In subsequent rebuttal testimony Investigator Behrens testified that the victim's sister had also told him it had been the defendant's custom to drive to the apartment every day to wait for the victim but after she became missing he no longer came around. According to Behrens he had also been told by Smith that the manager of the restaurant where the victim worked had stated that there also the defendant had discontinued his practice of visiting the victim since her disappearance.

Smith testified that he arrived at the East Chicago police station at about 1 a.m. on October 26. It was stipulated that defendant was then given his Miranda rights and stated that he understood them. Defendant told Smith that late Saturday night or early Sunday morning he had gone drinking with Terrell at several bars. At her request he then dropped her off at the home of a girlfriend of hers. Defendant claimed not to know the girlfriend except by the name Ernestine, and further stated that he left the victim on a street he was not familiar with. He also stated this was the last time he saw her. Defendant offered to help the officers and to do anything they asked. He read and signed forms waiving his Miranda rights, waiving his right to challenge extradition, and allowing the police to search his car and his apartment.

At about 3 a.m. Behrens and Smith took the defendant to his apartment where they were met by an evidence technician. Defendant unlocked his bedroom door for the police. Inside they observed blood spattered on the wall above the bed. At about 6:30 a.m. they all left the apartment, taking with them certain items seized there. Defendant was placed in detention at the Maywood sheriff's facility at about 8 a.m. It was stipulated that at 1 p.m. that same day, October 26, defendant voluntarily took a polygraph examination. Smith again saw the defendant at 2:30 p.m., transporting him to the Niles sheriff's facility. According to Smith defendant was then questioned for the next 12 1/2 hours by various officers. At 4:30 p.m. Smith and Lieutenant Brown spoke to the defendant. It was stipulated that he was again informed of his Miranda rights. The questioning lasted two or three hours. Other police officers also questioned the defendant until about 3 a.m. the next morning, October 27, when defendant was taken back to Maywood after complaining of being tired and wanting to sleep. Smith testified that defendant was fed prior to questioning and did not complain of any mistreatment. However Smith did state that defendant cried in his presence that day.

On October 27 defendant was brought back to the Niles facility. Smith testified that at 2:30 p.m. defendant gave an inculpatory statement in the presence of Smith, Behrens, an assistant State's Attorney, and a court reporter. In that statement the defendant said he had been fed, had not been mistreated and had not been threatened. According to Smith the defendant had been questioned for about four hours that day.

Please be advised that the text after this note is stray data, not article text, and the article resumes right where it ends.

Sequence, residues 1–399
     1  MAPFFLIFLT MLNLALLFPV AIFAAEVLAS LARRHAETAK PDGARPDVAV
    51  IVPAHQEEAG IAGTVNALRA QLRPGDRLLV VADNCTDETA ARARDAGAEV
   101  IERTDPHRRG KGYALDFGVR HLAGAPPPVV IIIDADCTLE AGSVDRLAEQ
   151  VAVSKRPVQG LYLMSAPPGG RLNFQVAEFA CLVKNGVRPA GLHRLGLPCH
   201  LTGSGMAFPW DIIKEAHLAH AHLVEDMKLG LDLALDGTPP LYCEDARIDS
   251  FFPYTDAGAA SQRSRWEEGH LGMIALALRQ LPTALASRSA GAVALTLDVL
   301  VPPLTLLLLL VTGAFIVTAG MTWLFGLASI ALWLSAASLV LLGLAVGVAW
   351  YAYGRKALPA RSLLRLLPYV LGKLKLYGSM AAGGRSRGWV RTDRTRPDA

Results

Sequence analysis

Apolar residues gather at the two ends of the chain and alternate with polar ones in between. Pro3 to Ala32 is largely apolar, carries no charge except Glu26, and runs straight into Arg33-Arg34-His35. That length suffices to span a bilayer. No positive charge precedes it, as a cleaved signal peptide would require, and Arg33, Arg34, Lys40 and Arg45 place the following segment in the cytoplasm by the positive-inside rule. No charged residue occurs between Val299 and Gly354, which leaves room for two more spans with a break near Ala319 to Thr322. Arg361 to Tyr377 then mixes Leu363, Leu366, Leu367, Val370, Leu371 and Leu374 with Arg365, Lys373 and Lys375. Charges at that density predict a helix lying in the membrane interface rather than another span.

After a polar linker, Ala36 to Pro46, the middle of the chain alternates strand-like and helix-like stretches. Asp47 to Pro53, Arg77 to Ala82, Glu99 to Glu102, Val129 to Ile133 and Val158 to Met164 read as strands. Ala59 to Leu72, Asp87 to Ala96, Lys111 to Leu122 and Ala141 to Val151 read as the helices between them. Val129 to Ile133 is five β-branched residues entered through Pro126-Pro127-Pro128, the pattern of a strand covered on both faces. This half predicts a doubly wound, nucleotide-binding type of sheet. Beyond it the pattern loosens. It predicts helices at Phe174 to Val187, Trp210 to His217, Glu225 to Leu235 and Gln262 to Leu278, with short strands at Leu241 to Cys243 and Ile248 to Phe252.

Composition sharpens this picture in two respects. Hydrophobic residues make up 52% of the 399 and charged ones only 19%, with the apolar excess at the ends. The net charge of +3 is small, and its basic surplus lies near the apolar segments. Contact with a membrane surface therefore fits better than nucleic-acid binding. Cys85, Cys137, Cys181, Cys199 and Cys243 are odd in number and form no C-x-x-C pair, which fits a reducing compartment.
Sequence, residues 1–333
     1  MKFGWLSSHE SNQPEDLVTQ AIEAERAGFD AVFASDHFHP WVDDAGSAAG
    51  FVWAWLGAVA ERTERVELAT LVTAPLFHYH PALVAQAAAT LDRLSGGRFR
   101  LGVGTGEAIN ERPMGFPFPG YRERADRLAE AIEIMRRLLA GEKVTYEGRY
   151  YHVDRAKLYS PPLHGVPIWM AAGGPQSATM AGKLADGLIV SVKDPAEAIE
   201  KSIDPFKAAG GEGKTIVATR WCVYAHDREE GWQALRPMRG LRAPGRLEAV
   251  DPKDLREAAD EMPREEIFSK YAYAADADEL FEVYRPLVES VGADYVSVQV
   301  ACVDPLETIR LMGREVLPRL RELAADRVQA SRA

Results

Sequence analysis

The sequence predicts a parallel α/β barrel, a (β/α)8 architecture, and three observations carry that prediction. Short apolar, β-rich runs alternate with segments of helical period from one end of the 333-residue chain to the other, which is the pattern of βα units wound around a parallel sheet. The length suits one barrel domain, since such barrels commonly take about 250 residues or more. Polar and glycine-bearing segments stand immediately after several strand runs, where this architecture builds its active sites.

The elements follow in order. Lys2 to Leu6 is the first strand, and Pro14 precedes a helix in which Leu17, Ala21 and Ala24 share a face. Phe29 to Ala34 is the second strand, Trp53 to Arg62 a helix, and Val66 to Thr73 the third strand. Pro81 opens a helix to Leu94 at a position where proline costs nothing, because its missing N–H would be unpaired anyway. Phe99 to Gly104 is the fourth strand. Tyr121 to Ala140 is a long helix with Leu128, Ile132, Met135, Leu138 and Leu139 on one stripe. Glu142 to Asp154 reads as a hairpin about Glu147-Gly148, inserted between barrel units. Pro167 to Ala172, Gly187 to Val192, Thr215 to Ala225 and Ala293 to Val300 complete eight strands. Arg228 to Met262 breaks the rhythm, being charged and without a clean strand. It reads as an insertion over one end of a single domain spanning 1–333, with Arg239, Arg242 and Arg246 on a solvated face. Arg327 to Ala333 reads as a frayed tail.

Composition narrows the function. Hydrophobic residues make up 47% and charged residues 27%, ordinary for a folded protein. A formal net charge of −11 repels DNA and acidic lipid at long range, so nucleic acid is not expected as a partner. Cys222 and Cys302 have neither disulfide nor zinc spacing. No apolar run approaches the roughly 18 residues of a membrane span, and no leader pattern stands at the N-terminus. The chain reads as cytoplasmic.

The defendant testified to substantially the same sequence of events following his arrest, with the following significant variations. His arrest was at gunpoint. Smith told him, before he signed the consent to the search of his apartment, that if nothing was found he would be released. When taken to the apartment he was in handcuffs but on arrival they were removed and he was told to unlock the door. After he took the polygraph exam he was told it showed he was lying. Defendant recalled that after that examination it was Behrens who drove him to the Niles facility. Behrens stopped the car on the way and talked to the defendant for 45 minutes. He told the defendant he could get the death penalty. According to the defendant the 12 1/2 hours of questioning on the evening of October 26 were conducted by six officers, working in two-man shifts. During the questioning he asked Behrens if he could speak to his mother, but this was denied. In the presence of Smith and Behrens Lieutenant Brown threatened to hit him if he did not talk. Investigator Peterson pushed him against a cabinet, called him a nigger, and told him to talk. At one point during this prolonged questioning defendant requested an attorney but this was refused by Officers Grode and Burke. In the midst of the questioning Officers Peterson and Schenk told him he was going for a ride. He was taken to the forest preserve where the officers said they had found the victim. On the way Schenk told him he had better talk because Peterson was angry. At the site Peterson told him to get out of the car. A patrol car then came on the scene and after Schenk spoke to its occupants the defendant was returned to the Niles facility.

According to the defendant early in the morning of the 27th, when he was taken back to his Maywood cell, Peterson ordered that the blankets from his cell be removed and he "froze" without them. Later that morning Schenk drove him back to Niles. On the way he told the defendant that his treatment by the Cook County police would be even worse than what he had already received. At this point the defendant decided to talk. He subsequently gave the statement introduced at trial.

In rebuttal Lieutenant Brown testified that on October 26 starting at 4:30 p.m. he had personally seen the defendant questioned for eight hours. During that period he did not hear anyone threaten the defendant and did not call him a nigger. At one point during this questioning the defendant said he killed the victim but later he denied it.